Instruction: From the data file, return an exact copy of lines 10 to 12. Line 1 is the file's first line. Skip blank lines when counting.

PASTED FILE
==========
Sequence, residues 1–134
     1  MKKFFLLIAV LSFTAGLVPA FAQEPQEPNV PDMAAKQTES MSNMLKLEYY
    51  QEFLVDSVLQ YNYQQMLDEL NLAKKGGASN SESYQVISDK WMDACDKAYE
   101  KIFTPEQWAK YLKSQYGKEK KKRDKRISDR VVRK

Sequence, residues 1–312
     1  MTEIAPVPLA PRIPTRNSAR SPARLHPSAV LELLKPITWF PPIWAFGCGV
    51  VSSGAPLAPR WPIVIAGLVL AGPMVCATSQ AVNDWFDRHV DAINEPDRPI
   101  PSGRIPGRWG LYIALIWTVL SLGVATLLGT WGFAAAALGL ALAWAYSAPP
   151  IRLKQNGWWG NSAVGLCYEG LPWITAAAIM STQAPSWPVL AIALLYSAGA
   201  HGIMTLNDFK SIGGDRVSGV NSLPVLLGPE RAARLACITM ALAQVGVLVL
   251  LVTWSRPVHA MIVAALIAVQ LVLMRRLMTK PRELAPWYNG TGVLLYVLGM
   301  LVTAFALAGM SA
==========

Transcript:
   201  HGIMTLNDFK SIGGDRVSGV NSLPVLLGPE RAARLACITM ALAQVGVLVL
   251  LVTWSRPVHA MIVAALIAVQ LVLMRRLMTK PRELAPWYNG TGVLLYVLGM
   301  LVTAFALAGM SA